By Dan Williams
JERUSALEM (Reuters) – Prince William honoured Holocaust victims and met descendants of Jews hidden from the Nazis by his great-grandmother, in a somber start on Tuesday to the first official British royal visit to Israel and the Palestinian Territories.
Wearing a black skullcap, William laid a wreath in the Hall of Remembrance at Israel’s Yad Vashem Holocaust memorial, where an eternal flame flickers and the names of extermination and concentration camps are engraved in the floor.
“Terrifying,” William said, viewing a display at the memorial’s museum of shoes taken by the Nazis from Jews at Majdanek death camp. “(I’m) trying to comprehend the scale.”
Tens of thousands of Jews and other victims were killed at the camp, near Lublin in what is now Poland.
After the tour, the prince – second in line to the British throne – was greeted by Prime Minister Benjamin Netanyahu and his wife, Sara, at their official residence in Jerusalem against the backdrop of British and Israeli flags.
At the residence, the prince met relatives of the late Rachel Cohen, who was hidden from the Gestapo, along with two of her five children, by Princess Alice, the mother of Britain’s 97-year-old Prince Philip, in her palace in Greece.
The Greek royal family – Princess Alice was married to Prince Andrew of Greece – had been acquainted with Cohen’s late husband, Haimaki, a former member of Greece’s parliament.
“You must be very proud of your great-grandmother, who saved defenseless Jews,” Netanyahu told William.
Princess Alice was recognized as one of the “righteous among nations”, gentiles who rescued Jews, by Yad Vashem in 1993. A devout Christian, she is buried on the slopes of Jerusalem’s Mount of Olives. William is due to visit her tomb on Thursday.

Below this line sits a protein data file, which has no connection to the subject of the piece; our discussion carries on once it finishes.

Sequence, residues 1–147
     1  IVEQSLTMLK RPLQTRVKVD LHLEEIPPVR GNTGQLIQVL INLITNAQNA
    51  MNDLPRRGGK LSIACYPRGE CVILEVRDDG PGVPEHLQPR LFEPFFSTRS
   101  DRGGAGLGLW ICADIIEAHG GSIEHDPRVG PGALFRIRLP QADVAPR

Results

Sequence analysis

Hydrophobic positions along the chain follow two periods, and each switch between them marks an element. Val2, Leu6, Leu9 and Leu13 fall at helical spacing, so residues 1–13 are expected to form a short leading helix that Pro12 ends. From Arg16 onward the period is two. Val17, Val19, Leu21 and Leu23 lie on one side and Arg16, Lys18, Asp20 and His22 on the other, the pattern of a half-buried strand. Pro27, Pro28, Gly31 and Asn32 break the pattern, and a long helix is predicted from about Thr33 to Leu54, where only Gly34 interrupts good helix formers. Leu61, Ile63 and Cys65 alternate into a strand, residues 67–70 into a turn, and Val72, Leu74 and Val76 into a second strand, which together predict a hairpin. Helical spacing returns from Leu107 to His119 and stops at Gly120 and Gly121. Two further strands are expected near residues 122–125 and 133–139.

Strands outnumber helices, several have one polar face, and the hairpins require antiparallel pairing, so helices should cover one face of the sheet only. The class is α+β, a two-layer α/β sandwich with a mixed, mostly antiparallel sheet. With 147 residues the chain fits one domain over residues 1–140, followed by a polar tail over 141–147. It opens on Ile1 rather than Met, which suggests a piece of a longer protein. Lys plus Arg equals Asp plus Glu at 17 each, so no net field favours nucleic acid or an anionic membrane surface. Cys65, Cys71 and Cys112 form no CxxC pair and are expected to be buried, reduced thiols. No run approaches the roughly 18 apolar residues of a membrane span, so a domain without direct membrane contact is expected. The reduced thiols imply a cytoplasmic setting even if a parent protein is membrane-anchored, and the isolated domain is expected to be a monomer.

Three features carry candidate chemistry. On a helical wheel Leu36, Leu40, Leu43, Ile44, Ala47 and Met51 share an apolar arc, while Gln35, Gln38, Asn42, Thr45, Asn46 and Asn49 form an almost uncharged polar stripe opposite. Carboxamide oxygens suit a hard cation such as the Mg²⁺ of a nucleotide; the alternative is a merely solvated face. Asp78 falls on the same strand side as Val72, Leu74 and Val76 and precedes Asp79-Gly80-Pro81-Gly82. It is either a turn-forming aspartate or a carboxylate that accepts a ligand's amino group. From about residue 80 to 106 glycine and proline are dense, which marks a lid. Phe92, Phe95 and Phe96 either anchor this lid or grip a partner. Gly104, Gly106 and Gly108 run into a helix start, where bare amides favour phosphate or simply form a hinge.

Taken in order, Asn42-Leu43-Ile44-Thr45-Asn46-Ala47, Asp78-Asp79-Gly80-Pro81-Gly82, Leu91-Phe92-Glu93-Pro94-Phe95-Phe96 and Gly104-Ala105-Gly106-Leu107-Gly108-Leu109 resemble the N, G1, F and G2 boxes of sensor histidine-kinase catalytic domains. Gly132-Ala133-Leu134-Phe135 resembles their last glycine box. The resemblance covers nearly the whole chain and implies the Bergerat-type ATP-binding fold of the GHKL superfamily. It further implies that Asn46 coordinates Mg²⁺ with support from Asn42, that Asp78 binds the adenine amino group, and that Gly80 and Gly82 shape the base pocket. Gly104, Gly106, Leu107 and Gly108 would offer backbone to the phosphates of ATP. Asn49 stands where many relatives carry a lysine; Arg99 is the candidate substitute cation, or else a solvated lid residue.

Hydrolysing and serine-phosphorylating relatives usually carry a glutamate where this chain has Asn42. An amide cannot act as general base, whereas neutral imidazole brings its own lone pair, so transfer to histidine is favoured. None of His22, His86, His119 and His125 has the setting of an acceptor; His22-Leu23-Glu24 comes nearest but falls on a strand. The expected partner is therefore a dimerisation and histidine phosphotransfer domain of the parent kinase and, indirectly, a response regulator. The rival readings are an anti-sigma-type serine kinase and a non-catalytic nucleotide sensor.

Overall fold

At a meeting with Israeli President Reuven Rivlin, the prince, on a visit described by Britain as non-political, said he hoped “peace in the area can be achieved”. Israeli-Palestinian peace talks collapsed in 2014.
During the four-day visit, William is also scheduled to meet Palestinian President Mahmoud Abbas and Palestinian youngsters in the occupied West Bank.
“I had a very moving tour around Yad Vashem this morning, which really taught me quite a lot more than I thought I already knew about the true horrors of what happened to the Jews
over the war,” William said at the meeting with Rivlin.
The prince also spoke at Yad Vashem with two men who survived the Nazi genocide through British intervention.
Henry Foner, 86, and Paul Alexander, 80, were among thousands of Jewish children taken in by Britain as part of the 1930s “Kindertransport” from a continental Europe that was falling to German conquest.
“I said to his Royal Highness that this is a unique opportunity for me to express my thanks to the British people for opening their homes to me and to the other 10,000 children who came,” Alexander said.
Later in the day, William, sporting sunglasses, strolled along the Tel Aviv shore, chatting with beach-goers and quipping, “I should have brought my swimming trunks”. At a youth soccer event in nearby Jaffa, he admonished journalists crowding around the youngsters to move back.
“Guys, will you give us some space, there are children here,” said the prince, who from his earliest years experienced crowds of journalists and photographs hounding his mother, the late Diana, Princess of Wales. She died in a car crash in Paris in 1997 as paparazzi chased her vehicle.
William’s trip is at the behest of the British government. Until now it had been British policy not to make an official royal visit until the Israeli-Palestinian conflict was resolved. British officials have given no detailed explanation for the change in policy.
(Writing by Jeffrey Heller; Editing by Matthew Mpoke Bigg)